Archive for October 5th, 2012


One in Four World Inhabitants Is a Rural Woman

Human Wrongs Watch

Rome, 5 October 2012 – Rural women and girls represent about a quarter of the world’s population. In developing countries, most of them are smallholder farmers, according to a new report.

Woman waters seedlings in the Lake Tana area of Ethiopia’s Amhara Region. ©IFAD/Petterik Wiggers

Each year the United Nations recognizes their achievements and challenges on 15 October, the International Day of Rural Women.

This year the day takes on added significance with the inception of an inter-agency UN programme on accelerating progress toward the economic empowerment of rural women, adds the Rome-based International Fund for Agricultural Development (IFAD).

The joint programme is a five-year initiative of UN Women, the Food and Agriculture Organization (FAO), IFAD and the World Food Programme (WFP). It will be implemented initially in Ethiopia, Guatemala, Kyrgyzstan, Liberia, Nepal, Niger and Rwanda.

“The initiative’s goals are to improve food and nutrition security, increase women’s incomes, strengthen their leadership position in rural institutions, and foster a more responsive policy environment for rural women’s empowerment at the national and international levels.”

read more »


Mauritania: Women Face Steep Competition from Heavily Subsidized European Milk Sector

Human Wrongs Watch

By IRIN* – Women are pioneering Mauritania’s fledgling dairy industry and trying to get Mauritanians to support local small producers, but they face steep competition from the heavily subsidized European milk sector.

**Photo: Jaspreet Kindra/IRIN. Mauritania is home to Africa’s first camel milk dairy.

Ari Hara, a women’s cooperative in Ari Hara Village, turns milk into sweetened yoghurt, which is supplied to shops in the nearest town, Boghé, 350km southeast of Nouakchott.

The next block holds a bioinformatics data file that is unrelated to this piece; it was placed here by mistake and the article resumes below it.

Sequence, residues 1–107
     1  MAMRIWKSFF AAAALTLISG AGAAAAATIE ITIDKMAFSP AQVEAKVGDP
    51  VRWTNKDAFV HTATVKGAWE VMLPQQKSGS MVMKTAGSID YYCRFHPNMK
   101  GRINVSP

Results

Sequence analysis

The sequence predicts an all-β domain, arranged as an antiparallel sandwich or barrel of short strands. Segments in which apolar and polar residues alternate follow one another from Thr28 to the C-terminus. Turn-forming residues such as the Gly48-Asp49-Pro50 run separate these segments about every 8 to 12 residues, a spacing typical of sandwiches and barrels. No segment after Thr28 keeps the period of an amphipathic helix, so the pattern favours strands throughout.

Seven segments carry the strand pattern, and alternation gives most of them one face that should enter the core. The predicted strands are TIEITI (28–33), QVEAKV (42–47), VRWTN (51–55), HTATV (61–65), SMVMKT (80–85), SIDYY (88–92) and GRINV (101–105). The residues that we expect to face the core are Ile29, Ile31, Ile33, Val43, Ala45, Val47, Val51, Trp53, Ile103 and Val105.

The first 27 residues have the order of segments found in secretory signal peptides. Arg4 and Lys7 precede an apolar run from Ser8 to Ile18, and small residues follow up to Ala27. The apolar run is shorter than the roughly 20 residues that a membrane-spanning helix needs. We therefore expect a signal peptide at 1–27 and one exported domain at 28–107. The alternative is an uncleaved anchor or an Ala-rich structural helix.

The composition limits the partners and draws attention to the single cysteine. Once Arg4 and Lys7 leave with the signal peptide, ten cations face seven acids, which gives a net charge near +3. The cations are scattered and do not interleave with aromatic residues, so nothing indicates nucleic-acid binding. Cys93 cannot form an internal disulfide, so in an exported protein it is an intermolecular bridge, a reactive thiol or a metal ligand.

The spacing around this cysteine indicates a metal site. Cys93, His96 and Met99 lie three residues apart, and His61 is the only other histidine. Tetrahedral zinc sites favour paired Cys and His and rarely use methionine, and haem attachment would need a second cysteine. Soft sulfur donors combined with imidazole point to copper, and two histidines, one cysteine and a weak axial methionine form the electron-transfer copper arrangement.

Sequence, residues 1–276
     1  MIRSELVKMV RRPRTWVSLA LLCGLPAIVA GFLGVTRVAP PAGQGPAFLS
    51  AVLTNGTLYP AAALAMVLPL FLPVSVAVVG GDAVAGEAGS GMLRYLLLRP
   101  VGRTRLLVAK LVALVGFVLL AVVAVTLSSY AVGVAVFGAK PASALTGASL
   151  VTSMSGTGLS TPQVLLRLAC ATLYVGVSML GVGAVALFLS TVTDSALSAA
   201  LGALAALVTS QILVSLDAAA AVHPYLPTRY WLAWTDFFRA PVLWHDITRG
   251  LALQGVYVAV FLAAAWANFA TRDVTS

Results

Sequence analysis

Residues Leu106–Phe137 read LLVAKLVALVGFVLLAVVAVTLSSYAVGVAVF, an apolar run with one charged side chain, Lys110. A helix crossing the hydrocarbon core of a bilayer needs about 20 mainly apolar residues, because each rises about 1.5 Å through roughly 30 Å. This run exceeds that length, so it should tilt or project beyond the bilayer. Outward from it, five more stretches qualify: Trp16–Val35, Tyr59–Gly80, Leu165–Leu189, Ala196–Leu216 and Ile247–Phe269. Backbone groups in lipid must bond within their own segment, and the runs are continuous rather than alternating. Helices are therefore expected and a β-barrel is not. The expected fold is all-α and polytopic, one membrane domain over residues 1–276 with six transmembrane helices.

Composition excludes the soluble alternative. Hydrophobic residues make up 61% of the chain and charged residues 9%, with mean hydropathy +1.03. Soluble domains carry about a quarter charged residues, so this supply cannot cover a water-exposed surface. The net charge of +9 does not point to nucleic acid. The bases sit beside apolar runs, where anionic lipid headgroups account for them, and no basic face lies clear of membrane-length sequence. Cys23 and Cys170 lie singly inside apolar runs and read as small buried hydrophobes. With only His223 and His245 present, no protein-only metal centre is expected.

Since the cooperative was established in 2009, it has helped its members – who practise farming and pastoralism – ensure their families have enough to eat in times of drought.

“I still remember the day I could buy 50kg of rice for the house with my own money,” Ramata, a cooperative member, recalled, beaming. They could increase sales if they had the capacity to market their yoghurt in towns farther away, for which they would need better roads and a refrigerated van.

read more »


‘Suppliers of Arms to Opposition Want to Destroy the Syrian People’ – Iraqi PM

Human Wrongs Watch

By RT*, 5 October – States that send arms to Syria face upheavals and unrest due to sectarian violence, their stability will be in jeopardy and the state of affairs will be no better than in Syria, warned Iraqi Prime Minister Nouri Al-Maliki in an interview to RT.

Source: Russia Today

“He who starts a fire will be destroyed by fire in the end,” Al-Maliki stated, predicting that sponsorship of the Syrian opposition will backfire on supporting states.

RT: What do Iraq and Russia have in common in terms of their approach to the Syrian crisis; and do you think the two countries can come up with a joint proposal on how to settle it?

Nouri Al-Maliki: Of course, the crisis is a matter of serious concern both for the countries in the region and for the world’s major powers. And it’s not only countries – this issue has been on the agenda of many international organizations.

We have repeatedly said that we take the Syrian crisis as our own problem.

It is a very important country, with its own political position. We did warn everyone earlier – and keep reminding – that the fire that started in Syria will spill over the borders to engulf other countries of the region and, in the end, it will have a global impact. The Middle East is one of the major energy producers of the world.

read more »


Land Sold Off, Used for Biofuels ‘Could Have Fed One Billion People’

Human Wrongs Watch

By Oxfam*,  4 October, 2012 – Land eight times the size of the UK was sold off globally in the last decade, enough to grow food for a billion people says international development agency Oxfam.

Image: Oxfam

This is the equivalent to the number of people who go hungry in the world today. In its new report, Our Land, Our Lives, Oxfam warns that more than 60 per cent of investments in agricultural land by foreign investors between 2000 and 2010 were in developing countries with serious hunger problems.